THIS LIT­TLE PIGGY

OFF-GRID AND FULLY SUS­TAIN­ABLE, ARIMIA OF­FERS SOME OF THE FRESH­EST AND MOST CREATIVE FOOD IN MAR­GARET RIVER.

The Australian - Wish Magazine - - FOOD -

Pad­dock to plate is a phrase bandied around a lot th­ese days, but it ac­tu­ally means some­thing at Arimia Win­ery and Restau­rant in Mar­garet River. Head chef Evan Hayter as­pires to do as much as he can on the site of the 55-hectare prop­erty, which is self-sus­tain­ing and en­tirely off the grid. He plants and tends to the kitchen gar­den, feeds his pigs each day (they serve the dual pur­pose of clear­ing weeds and later be­ing de­li­cious served up on a plate), keeps an eye on the mar­ron in Arimia’s dam and even helps pick the olives from the 250 trees on site.

“It is ex­tremely re­ward­ing,” says the Perth-born chef. “It is hard. It is very de­mand­ing – lucky I ab­so­lutely love it and I have a good team back­ing me up as well. But there is noth­ing bet­ter than pulling some­thing out of the ground and serv­ing it 10 min­utes later; it doesn’t get any fresher than that and it doesn’t get any tastier than that.”

Taste is what led Hayter to this ap­proach in the first place. He came down from Perth to work at Mar­garet River Ho­tel, hop­ing it would turn into a gas­tro-pub like the Su­bi­aco Ho­tel in Perth, where he had done part of his ap­pren­tice­ship. But af­ter two years he de­cided it was time to ven­ture else­where. At the same time, Hayter’s mate Cameron Haskell, the wine man­ager at Arimia, kept ask­ing him to come on board as chef.

Arimia was set up in 1999 by Ann Spencer, who wanted to es­tab­lish a win­ery that not only stood out from the crowd but also used sus­tain­able farm­ing prac­tices. It is very much off the beaten track, 2km down a dirt road, without mains elec­tric­ity or wa­ter – power comes from so­lar pan­els and all wa­ter is col­lected on site.

“Ann per­son­ally called me and said, ‘we want you to come and see the place, we think you would like it’,” Hayter says. “I came out and it evolved from there.” A kitchen gar­den had al­ready been planted but Hayter ex­panded it and came up with other things to grow and raise on­site. “I am pretty lucky as I have 55ha to play with and a 7ha vine­yard,” he says. “I just started hav­ing crazy ideas and I was lucky enough that my boss said, ‘yeah, that sounds like a good idea, so you can do it’. Then you start mak­ing money so you just keep go­ing.”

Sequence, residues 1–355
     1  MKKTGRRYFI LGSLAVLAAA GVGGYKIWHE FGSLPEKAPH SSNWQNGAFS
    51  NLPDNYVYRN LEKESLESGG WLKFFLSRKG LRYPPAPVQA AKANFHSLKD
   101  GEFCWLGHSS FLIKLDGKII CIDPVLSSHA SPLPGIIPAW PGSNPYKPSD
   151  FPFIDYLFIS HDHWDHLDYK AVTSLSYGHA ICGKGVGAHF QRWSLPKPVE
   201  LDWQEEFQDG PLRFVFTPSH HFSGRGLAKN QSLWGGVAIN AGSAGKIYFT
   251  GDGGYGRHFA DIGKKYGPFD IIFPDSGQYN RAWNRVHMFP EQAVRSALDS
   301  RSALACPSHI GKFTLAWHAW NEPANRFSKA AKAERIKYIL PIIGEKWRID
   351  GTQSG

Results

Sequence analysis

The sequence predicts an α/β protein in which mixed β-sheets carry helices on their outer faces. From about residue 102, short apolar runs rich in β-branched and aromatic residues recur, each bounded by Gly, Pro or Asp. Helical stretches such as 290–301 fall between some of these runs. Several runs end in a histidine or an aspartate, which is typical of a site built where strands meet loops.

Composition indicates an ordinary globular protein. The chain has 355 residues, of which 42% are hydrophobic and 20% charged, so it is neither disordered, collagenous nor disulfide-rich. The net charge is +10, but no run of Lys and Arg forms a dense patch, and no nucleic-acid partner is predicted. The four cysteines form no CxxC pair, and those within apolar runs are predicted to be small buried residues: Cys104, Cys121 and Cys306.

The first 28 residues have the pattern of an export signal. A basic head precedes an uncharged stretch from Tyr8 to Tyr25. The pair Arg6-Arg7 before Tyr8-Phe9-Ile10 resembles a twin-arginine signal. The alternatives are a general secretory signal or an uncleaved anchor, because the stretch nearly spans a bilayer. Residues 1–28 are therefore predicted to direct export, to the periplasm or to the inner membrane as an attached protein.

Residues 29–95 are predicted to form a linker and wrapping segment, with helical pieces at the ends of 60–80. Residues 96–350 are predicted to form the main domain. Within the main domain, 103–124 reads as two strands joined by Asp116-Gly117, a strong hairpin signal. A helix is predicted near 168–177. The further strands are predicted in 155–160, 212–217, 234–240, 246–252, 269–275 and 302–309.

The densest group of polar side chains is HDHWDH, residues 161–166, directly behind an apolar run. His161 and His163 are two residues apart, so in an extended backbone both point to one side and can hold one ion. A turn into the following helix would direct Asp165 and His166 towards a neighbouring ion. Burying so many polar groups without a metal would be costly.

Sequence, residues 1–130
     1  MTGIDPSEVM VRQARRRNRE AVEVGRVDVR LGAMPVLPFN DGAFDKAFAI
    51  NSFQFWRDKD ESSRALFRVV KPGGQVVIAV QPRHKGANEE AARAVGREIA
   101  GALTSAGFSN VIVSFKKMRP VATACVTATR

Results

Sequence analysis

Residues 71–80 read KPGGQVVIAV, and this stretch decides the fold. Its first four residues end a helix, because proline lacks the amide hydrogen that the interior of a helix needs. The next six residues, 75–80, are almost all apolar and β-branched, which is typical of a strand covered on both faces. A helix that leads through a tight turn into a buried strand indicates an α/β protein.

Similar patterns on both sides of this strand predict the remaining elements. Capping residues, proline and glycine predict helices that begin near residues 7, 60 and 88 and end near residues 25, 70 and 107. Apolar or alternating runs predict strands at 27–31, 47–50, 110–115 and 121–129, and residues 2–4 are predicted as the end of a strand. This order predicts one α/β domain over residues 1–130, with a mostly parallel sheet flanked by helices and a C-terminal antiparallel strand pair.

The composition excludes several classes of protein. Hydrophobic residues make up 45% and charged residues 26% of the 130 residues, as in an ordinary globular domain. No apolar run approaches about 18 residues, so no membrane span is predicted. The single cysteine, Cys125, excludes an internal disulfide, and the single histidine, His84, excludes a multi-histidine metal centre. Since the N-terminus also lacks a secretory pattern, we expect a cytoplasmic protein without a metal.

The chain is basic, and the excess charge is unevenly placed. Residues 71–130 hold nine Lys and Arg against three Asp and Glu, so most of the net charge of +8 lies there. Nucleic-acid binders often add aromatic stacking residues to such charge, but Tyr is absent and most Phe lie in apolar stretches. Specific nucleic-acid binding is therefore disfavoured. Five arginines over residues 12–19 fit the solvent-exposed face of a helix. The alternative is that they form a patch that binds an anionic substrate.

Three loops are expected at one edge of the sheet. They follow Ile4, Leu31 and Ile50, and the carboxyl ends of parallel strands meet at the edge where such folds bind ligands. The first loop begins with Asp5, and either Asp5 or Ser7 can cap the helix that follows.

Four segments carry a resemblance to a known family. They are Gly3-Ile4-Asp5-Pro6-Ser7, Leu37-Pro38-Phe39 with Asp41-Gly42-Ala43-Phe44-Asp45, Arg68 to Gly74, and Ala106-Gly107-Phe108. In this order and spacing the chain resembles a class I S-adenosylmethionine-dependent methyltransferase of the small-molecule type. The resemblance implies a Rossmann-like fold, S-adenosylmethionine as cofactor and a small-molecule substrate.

When Hayter ar­rived, Arimia had a small café that served more ca­sual food, such as wood-fired pizza. Since he has been there, the menu has evolved dra­mat­i­cally. He now of­fers four-course tast­ing menus with wine pair­ings that fea­ture the best pro­duce Arimia and Mar­garet River have to of­fer. On the day that WISH vis­ited, this meant tem­pura whit­ing from nearby Au­gusta and kan­ga­roo with na­tive plum jam and chilli jam. As we ate on the ve­ran­dah, we could see in the dis­tance Hayter’s piglets do­ing their duty and clear­ing the land of weeds (so Hayter could plant another veg­gie patch) while be­ing ridicu­lously cute.

“They are cute now but wait un­til they are 65kg and bit­ing you on the an­kles be­cause they want the bucket of feed you are hold­ing,” Hayter says. “I do ab­so­lutely love my pigs. They are char­ac­ters, they are very funny.”

So is it hard when it comes to the busi­ness end? “Yes,” Hayter ad­mits. “It is hard. If ev­ery­one farmed pigs or other an­i­mals and had to send them off to slaugh­ter, we would eat far less meat and we would live in a bet­ter world. That is ul­ti­mately where I am head­ing.”

W

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